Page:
Theobroma International (part of ECOM Group) has been a leading independent trader and market maker in cocoa products and cocoa beans since 1922. The company is a long-standing buyer of cocoa in Cameroon and was the first to certify Cameroonian cocoa farmers in 2012. The company applied for funds from the Dutch Ministry of Foreign Affairs in Benin to expand certification and to improve on its sustainable supply of cocoa. IDH received a request to fund the project after the Ministry saw, and was impressed by, similar CPQP operations in Ghana.
Over the two years of the project, farmers gained better knowledge on growing cocoa—leading to increased yields and improved quality. Theobroma has strengthened its standing as a buyer in Cameroon due to its intensive project management, which has created farmer loyalty towards the company. Higher volumes have been delivered to Theobroma as a result. This led to payment of premiums of around EUR 700,000 in January 2017.
The project is continuing through Theobroma’s local operation, Agroproduce Management Services (AMS). The Cameroonian government is investing in the cocoa sector and Theobroma will continue to encourage collaboration between the government and AMS—at the same time continuing to invest in sustainable cocoa in the country.
Farmer Development Centers and youth farm management teams: supplying the productivity package in Cameroon
In collaboration with their local operation Agroproduce Management Systems (AMS), Theobroma aimed to establish two community-owned Farmer Development Centers (FDC) to supply productivity package inputs including training, improved planting material for rehabilitation of cocoa farms, protective clothing, and other agro inputs. The FDCs would also provide a local place for farmers to weigh and quality check their cocoa.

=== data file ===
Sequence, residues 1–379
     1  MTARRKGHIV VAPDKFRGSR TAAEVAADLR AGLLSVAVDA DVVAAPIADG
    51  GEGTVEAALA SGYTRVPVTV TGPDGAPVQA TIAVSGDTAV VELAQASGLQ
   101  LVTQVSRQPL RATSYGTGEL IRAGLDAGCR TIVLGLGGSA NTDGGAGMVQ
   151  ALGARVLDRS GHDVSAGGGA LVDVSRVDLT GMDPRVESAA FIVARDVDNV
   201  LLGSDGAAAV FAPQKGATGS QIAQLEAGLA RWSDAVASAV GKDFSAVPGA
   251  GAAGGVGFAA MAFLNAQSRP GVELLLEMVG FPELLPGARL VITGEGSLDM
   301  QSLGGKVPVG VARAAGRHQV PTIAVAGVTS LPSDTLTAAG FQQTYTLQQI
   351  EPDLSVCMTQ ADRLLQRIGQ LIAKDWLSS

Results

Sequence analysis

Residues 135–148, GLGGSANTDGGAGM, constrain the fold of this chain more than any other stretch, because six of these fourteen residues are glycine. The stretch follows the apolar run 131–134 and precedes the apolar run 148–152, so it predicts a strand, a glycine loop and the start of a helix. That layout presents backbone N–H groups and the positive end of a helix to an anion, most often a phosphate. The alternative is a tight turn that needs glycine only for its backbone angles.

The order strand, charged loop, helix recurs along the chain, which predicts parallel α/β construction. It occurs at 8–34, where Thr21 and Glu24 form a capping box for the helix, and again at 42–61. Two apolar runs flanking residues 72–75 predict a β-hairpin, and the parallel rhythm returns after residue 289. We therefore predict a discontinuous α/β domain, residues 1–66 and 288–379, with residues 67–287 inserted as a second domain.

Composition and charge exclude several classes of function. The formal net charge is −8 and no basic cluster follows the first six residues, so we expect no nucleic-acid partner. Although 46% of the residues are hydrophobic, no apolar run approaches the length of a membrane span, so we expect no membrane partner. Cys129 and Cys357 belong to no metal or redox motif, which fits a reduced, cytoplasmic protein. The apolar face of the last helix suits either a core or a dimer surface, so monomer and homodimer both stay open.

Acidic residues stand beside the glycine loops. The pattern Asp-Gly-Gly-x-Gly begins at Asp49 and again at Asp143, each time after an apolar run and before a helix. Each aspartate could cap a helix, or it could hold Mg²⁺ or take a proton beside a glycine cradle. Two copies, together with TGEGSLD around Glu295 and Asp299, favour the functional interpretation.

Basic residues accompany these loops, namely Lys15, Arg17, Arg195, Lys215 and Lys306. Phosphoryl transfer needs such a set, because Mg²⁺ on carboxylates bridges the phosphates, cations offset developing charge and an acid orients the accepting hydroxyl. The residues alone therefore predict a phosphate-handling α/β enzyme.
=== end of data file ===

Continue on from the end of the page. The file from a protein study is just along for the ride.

Each FDC has a demonstration plot and provides post-harvest facilities for fermentation and sun drying. The FDCs are built in collaboration with the local farmers and run by a manager employed by Theobroma.
Youth farm management teams were also introduced. Solidaridad, Syngenta, and AMS trained groups of young Cameroonians on farm management—pruning, shade management, integrated pest management, and planting—with the aim of creating employment for young adults to deliver high-quality services to farmers.
Syngenta provided training on the proper use of agro-inputs to reduce the cost of chemicals and maximize their impact on cocoa farms. A micro-finance scheme was set up to supply farmers with credit for chemical inputs. Over 86,000 sachets (financed by AMS from Syngenta) were supplied to farmers on credit in 2015 and repayment rates have been high (98 %). Additional inputs are available at the FDCs on a cash and carry basis, managed by Theobroma and AMS.
Sales have been generated from nursery plants and the services provided to farmers through the farm management teams, but both need to increase significantly. Furthermore, there is storage space in the FDCs that can be rented out to buyers and companies like Theobroma and Syngenta (e.g. for cocoa or chemicals). The micro-credit scheme will continue to finance loans for agro-inputs. Syngenta will provide training to (new) youth teams and to farmers on Good Agricultural Practices and correct agro-input usage.
One of the key lessons learned during the project is that innovation takes time to implement, particularly the cultivation of trust and loyalty from farmers and communities. Theobroma’s plan was for both the FDCs and the youth teams to generate income and become self-sustaining. This will take longer to achieve than the two years of the project duration, because of the trust building that needs to take place. It was, at first, a challenge to secure land on which to build the FDCs: farmers were initially sceptical on how the centers would operate, and reluctant to let other people work on their farms. However, once the benefits were seen farmers embraced the initiative and have since requested other centers to be set up.